Happy 2014! All week I’ve resolutely avoided writing the date because a small part of me refuses to believe that half of my year abroad is already over. I feel like I spent most of December counting down to Christmas break and my two weeks of freedom and family, then suddenly, I’m back at my place in front of the space heater in the school’s common room, seeking solace from rainy Rennes and reveling in the return of salted butter to my life.
As much as I love the holidays back home, I’d missed the long French celebratory lunches with endless aperitifs, bubbly drinks, and decadent desserts. I couldn’t wait for all that to start again…and I didn’t have to.The day I came back, jet-lagged, gross from all the traveling and really in no mental state to do much more than smile, nod and sleep, my host family and I celebrated Three Kings Day. After we did some belated Christmas present exchanging, where I introduced them all to Eos (#americanisation) and received some very French Yves Rocher products, we got down to the most important part of any celebration- the food. However, I was so sleep-addled that all I remember was the giant almond (Frangipane) Galette des Rois, aka Kings Cake, for dessert.
On the 5 or 6th of January, to commemorate the three kings/wise men and Epiphany, the Galette des Rois is sliced and served with each diner getting the piece assigned to them by the youngest member of the party who is randomly calling out names from underneath the table. This is to ensure no one cheats in the game of who has the fève. Literally translated as fava bean, the fève is a charm placed somewhere inside the cake and per tradition, the person(s) who find the fève in their slice are king/queen for the day and also traditionally buy the next galette whereupon the whole shebang recommences. As I proceeded to get back into French time and stay awake in class and fall asleep at night, these slices of cake were definitely the highlight of my week. I ate Galette des Rois four different times and in two different forms (brioche and frangipane). I’d say that’s a pretty accurate representation of my life here in Rennes. All the food, all the time…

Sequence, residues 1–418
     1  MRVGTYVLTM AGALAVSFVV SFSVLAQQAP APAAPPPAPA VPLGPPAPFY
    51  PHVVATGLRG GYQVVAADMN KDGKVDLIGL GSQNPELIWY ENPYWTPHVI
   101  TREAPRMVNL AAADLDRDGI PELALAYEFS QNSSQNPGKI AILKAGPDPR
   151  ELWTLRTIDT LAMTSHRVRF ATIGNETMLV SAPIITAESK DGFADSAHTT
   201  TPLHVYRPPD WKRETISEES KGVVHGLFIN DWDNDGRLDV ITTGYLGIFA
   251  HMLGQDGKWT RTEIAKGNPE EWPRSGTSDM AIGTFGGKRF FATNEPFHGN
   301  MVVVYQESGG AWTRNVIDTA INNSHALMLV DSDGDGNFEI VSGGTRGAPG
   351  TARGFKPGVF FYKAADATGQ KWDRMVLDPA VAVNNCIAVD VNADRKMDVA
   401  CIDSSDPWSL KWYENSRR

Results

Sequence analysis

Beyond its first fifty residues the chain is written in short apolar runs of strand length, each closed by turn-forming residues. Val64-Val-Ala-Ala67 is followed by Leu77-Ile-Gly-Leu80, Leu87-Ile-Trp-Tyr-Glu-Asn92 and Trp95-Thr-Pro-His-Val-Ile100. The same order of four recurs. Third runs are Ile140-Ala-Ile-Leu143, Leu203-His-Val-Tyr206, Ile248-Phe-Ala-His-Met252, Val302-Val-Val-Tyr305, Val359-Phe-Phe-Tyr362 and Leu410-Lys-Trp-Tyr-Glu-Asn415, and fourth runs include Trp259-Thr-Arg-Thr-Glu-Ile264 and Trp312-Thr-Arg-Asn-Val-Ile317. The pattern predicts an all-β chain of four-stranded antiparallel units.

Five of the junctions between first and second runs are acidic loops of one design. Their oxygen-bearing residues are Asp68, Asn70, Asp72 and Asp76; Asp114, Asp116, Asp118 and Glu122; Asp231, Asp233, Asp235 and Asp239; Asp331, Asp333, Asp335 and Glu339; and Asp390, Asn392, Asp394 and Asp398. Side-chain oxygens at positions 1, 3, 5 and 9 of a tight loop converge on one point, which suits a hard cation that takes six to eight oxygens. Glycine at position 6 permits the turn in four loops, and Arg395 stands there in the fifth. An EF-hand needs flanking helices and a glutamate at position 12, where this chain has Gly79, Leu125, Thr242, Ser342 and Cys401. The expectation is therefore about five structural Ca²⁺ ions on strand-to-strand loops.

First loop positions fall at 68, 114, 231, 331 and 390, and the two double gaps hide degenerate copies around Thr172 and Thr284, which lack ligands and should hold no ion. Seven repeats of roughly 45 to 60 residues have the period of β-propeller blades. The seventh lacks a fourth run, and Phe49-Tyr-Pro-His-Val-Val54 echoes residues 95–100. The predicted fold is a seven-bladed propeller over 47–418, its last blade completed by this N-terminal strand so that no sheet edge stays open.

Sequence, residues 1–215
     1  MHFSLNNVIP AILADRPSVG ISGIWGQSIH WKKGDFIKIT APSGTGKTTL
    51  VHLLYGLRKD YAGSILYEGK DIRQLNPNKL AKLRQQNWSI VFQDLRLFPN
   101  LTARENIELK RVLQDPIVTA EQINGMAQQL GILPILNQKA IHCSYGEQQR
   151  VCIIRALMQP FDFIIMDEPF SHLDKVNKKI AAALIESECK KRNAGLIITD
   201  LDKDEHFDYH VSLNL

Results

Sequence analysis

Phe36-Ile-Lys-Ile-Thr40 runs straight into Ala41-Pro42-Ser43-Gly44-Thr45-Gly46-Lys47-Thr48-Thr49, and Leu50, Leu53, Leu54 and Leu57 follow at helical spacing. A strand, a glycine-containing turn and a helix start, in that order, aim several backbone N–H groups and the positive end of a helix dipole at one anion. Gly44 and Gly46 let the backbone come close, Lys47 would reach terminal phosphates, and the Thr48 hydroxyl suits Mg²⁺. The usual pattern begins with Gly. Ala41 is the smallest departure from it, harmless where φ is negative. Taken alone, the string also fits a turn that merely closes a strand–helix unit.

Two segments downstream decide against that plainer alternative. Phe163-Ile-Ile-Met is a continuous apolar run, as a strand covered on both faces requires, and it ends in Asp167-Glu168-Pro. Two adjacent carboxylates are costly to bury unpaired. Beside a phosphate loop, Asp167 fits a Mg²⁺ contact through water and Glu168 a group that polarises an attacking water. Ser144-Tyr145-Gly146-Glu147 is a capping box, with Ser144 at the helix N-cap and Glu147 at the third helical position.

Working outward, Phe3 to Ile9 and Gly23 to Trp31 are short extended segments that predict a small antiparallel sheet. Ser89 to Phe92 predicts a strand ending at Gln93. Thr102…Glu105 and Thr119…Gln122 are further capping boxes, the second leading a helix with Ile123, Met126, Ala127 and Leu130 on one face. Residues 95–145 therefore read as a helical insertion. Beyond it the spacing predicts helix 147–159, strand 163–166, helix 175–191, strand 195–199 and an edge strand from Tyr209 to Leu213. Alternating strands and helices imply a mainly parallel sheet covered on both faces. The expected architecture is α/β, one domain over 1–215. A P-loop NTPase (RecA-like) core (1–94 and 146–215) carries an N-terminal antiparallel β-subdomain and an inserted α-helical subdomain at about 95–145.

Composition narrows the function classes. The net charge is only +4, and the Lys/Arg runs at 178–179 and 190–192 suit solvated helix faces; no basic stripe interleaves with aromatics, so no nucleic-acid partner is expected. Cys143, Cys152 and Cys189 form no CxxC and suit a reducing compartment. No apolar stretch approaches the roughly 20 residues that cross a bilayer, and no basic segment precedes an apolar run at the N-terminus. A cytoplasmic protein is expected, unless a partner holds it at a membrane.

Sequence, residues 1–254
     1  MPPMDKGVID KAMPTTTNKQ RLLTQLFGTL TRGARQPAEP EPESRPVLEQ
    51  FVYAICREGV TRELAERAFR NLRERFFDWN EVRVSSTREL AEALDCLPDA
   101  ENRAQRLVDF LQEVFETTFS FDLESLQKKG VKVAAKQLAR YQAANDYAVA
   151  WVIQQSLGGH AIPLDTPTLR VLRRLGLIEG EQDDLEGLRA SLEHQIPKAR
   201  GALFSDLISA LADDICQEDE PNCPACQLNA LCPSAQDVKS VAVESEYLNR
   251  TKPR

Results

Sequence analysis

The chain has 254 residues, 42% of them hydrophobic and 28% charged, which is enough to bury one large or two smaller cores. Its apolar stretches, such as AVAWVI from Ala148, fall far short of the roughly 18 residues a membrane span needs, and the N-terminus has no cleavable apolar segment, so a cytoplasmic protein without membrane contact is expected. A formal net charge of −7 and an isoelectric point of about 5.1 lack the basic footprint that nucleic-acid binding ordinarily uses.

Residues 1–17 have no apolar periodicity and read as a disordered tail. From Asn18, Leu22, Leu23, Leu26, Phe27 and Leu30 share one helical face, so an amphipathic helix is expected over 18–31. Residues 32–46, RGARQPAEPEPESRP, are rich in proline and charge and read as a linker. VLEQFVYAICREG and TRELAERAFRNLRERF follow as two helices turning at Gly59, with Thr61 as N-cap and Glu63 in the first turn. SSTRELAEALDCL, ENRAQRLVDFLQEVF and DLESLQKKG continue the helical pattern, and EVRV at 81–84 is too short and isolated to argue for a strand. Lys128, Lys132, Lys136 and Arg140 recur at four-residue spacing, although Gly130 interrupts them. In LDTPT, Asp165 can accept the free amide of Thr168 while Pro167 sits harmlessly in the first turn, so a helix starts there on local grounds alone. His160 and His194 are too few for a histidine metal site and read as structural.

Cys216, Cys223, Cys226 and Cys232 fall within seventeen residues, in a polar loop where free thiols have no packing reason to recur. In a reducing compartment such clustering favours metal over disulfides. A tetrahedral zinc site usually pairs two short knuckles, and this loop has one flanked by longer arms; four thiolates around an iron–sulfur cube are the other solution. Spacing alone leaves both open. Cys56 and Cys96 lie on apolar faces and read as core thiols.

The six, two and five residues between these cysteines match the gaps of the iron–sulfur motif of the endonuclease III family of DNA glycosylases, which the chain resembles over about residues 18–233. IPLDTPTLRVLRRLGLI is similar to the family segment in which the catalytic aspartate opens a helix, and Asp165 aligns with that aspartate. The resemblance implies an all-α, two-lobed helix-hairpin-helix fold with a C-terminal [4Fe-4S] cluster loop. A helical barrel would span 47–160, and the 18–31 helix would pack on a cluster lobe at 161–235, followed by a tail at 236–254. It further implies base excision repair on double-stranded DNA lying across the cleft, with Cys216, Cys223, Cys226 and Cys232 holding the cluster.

I attempted to avoid adding to what my friends and I jokingly refer to as the France 15 (in reference to what is known as the Freshman 15 where first year college students away for the first time from home and three healthy meals a day often gain weight due to the changes in their diet) by spending at least one entire afternoon braving the throngs of Rennais out in the street for the Soldes. Previously unbeknownst to me, every year all over France, for a month starting in January, there are ridiculous sales everywhere. With sometimes as much as 70% off, acquiring the French fashions is actually within my means for a whole month. Unfortunately, for the first few days, it’s like Black Friday every day, which made for an amusing and exhausting experience.
From shopping, I squished myself into a bus and joined a few of my classmates at the retirement home, where we split up amongst the tables and joined the residents for a relaxing game of dominoes. It was kind of hilarious and good fun but it reminded me of how much I miss my grandmothers….
I’ve cemented these images of Three Kings Day, crazy sale day shopping sprees and learning how to play dominoes in my mind, hoping that sheer willpower will keep them there forever, amongst all my other wonderful memories of living in Rennes. Sitting in the loft bedroom that I’ve come to call my own, I keep trying to wrap my mind around the fact that somehow while I was eating and sleeping and breathing French, first semester slipped on by. But I won’t mourn the passing of half of my year too much (*cue instinctive hyperventilation cuz oh my god it’s half gone*) because after all, I have all of that and more ahead of me.
Here’s to 2014 and all the weird stories, new foods and fun French times to come. On y go y’all!